One of the most tiresome avenues of gay and lesbian film criticism has been the
cataloguing and dismissing of "negative images of gay people" as either bad
politics or bad art. Thus defined, the question of "is it good for gay people"
feels overly restrictive and unfruitful. Life—and art—is far more complicated
than simply producing or enjoying "positive images" of gay people (or Jews, or
women, or progressives, or African Americans)—that is, gay people who act only in
righteous, moral, and virtuous ways. Positive? Sure. But interesting? As Mae West once
said, "Goodness has nothing to do with it."
In 1992, when GLAAD (Gay and Lesbian Alliance Against Defamation) and other queer media
watch groups were complaining about Sharon Stone’s murderous bisexual black widow
character in Basic Instinct, a noted lesbian novelist came to Stone’s defense.
"I mean, here is a lesbian or bisexual women who goes around murdering creepy men and
gets away with it. What’s the problem?" Stone was a positive role model for our
post-modern times. More important, the "bad girl" image also dovetailed neatly
with a new sense of transgression and edginess that defined some aspects of contemporary
feminism and queer liberation; a move that can be seen in the presentation of African
But there are times when the flight from positive images does not necessarily lead to
the immediate embrace of the good "bad guy." Sure, Glenn Close’s
bunny-boiling scorned woman was a hell of a lot more interesting than Anne Archer’s
goodly wife in the 1989 Fatal Attraction, but it was no great stretch to see
that the film reinforced our culture’s most traditional "values" of home,
family, and monogamy. Now Lost in Space—the film version of the mid-1960s
television series—offers us not only one of the more problematic images of the evil
homosexual in recent movies, but a look at how Hollywood is presenting the happy, nuclear
family as well.
Plot-wise Lost in Space feels like a repeat of some of the episodes on the
original series only 60 minutes longer and with a few lame sexual jokes tossed in. Here
the family Robinson—father John (William Hurt), mother Maureen (Mimi Rogers), and
children Judy (Heather Graham), Penny (Lacey Chabert), and Will (Jack Johnson)—are
lost in space on the Jupiter II space craft and are looking for a way to get home. For
plot reasons that are far too complicated to explain here, they are trapped in space with
Dr. Smith (Gary Oldman), a completely untrustworthy scientist who—working for a
different space-age power block—has already tried to kill the cute family Robinson.
We are led to believe that Smith is a homosexual of the evil variety because he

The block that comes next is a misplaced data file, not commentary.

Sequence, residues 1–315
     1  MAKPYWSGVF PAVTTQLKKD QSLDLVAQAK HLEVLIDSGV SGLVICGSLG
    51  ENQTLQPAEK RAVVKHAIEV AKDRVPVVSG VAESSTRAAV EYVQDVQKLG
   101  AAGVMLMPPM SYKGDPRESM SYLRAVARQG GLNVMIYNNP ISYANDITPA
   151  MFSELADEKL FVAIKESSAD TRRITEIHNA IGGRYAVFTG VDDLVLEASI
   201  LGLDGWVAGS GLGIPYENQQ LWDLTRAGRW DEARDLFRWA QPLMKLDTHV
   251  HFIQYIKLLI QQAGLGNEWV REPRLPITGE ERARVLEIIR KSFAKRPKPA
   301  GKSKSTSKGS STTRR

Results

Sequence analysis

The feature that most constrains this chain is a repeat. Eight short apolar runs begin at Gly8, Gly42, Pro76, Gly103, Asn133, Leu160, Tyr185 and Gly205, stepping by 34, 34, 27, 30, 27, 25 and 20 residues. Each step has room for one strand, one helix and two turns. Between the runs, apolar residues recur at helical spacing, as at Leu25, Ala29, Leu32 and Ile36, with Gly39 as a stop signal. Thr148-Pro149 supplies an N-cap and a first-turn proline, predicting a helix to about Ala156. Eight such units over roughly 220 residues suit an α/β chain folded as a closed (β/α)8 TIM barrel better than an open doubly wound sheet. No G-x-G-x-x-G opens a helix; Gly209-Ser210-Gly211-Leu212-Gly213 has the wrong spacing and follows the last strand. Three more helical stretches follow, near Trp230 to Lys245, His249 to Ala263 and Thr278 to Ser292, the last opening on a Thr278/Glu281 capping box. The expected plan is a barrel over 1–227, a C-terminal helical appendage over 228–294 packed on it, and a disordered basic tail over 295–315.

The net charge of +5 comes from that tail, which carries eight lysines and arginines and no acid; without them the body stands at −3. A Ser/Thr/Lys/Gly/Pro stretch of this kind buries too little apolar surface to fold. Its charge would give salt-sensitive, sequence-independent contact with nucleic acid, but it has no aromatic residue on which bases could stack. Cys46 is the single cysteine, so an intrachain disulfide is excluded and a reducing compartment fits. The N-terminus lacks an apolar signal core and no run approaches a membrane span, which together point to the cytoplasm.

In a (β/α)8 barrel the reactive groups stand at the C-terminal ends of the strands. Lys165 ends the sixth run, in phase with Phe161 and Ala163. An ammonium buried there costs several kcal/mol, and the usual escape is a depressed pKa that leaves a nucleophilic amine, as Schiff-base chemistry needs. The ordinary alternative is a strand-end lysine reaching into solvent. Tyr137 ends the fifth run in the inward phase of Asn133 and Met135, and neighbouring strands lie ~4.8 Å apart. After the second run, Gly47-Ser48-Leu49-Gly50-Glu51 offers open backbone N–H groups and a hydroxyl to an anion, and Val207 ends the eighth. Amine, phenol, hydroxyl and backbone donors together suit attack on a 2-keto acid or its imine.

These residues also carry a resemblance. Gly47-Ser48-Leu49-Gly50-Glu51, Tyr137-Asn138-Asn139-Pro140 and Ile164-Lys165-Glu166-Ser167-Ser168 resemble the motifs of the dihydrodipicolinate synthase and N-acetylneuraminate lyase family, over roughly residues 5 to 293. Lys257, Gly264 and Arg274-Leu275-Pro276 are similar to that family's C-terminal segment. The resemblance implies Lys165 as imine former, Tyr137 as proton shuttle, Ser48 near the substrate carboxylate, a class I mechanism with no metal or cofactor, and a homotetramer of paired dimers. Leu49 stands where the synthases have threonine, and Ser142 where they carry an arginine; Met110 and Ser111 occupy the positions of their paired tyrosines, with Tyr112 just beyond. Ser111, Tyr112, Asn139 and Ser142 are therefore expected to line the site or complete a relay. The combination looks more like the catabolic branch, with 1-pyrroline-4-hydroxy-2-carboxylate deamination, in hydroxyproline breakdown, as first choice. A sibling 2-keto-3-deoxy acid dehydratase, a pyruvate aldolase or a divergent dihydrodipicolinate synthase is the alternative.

continually proclaims his loathing for the very concept of family, hates children, has no
allegiances to anyone but his own selfish self, quotes Dorothy in the Wizard of Oz,
and mutters Susan Hayward movie titles under his breath. As played by Gary Oldman he also
postures and struts like an ego-wounded King Lear trapped on an intergalactic heath, and
sounds like an injustice-collecting, complaining Hamlet. He is also far more interesting
than anyone in the tediously attractive family Robinson.
The evil homo is nothing new in Hollywood movies. But Lost in Space has some
interesting twists on the theme. One of the major plot threads is the tension between the
Robinson father and mother over his resistance to spending more quality time with their
son, the young Will.
Too concerned with saving the world and battling the hostile universe, John Robinson
is—in strictly Freudian terms—the uncaring, distant father who fractures the
cohesion of the family unit and causes homosexuality in his son. Add to this tension, the
holistic family Robinson confronted with the visceral image of the child-hating,
family-loathing homo, Dr. Smith.
This tension is explored in a somewhat startling plot twist that posits a clever
science fiction variation on psychoanalysis. In traditional analysis the patient goes into
the past to revisit a primal scene and from that experience can rectify actions in the
present. Here—it being science fiction—they go into the future to find that
In the family Robinson’s alternative future, they are all dead, except for an
older Will (now played by Jared Harris) who has perfected the time travel machine that his
father never believed would really work. The evil-homo Smith has become Will’s father
and mentor (as well as a giant deadly spider; don’t ask) and has killed off the
Robinson family. This all happened because father Robinson didn’t have enough time
for Will when he was a boy. The distant father has literally been replaced by the
homosexual father and look what happens: family’s killed, boy becomes a queer, and
the universe falls apart. The older, disenchanted Will now wants to use his time travel
machine to go back and prevent the entire space voyage (and by extension the film) from
ever happening. The arachnoid Dr. Smith wants to use the time travel machine to go back
and conquer the universe, which is, of course, the paranoid heterosexual fantasy of a
world-wide queer conspiracy.